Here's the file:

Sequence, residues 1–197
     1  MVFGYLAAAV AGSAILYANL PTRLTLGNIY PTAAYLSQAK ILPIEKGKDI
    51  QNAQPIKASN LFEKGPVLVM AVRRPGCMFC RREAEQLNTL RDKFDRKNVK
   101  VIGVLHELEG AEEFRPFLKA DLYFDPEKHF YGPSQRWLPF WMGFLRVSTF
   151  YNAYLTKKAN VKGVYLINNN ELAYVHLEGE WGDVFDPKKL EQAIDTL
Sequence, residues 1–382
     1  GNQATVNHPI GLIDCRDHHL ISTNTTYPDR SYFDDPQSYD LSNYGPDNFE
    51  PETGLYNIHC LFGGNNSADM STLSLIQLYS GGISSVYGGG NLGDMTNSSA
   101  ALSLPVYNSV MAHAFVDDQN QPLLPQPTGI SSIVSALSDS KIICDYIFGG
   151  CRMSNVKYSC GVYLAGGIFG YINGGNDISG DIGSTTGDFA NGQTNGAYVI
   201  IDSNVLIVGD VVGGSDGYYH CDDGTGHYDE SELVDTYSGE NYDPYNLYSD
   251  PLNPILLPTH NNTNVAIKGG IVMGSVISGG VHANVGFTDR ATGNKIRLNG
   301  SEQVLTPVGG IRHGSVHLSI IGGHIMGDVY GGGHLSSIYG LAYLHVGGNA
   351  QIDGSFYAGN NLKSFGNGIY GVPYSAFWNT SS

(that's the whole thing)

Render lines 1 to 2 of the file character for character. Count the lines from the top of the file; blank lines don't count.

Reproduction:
Sequence, residues 1–197
     1  MVFGYLAAAV AGSAILYANL PTRLTLGNIY PTAAYLSQAK ILPIEKGKDI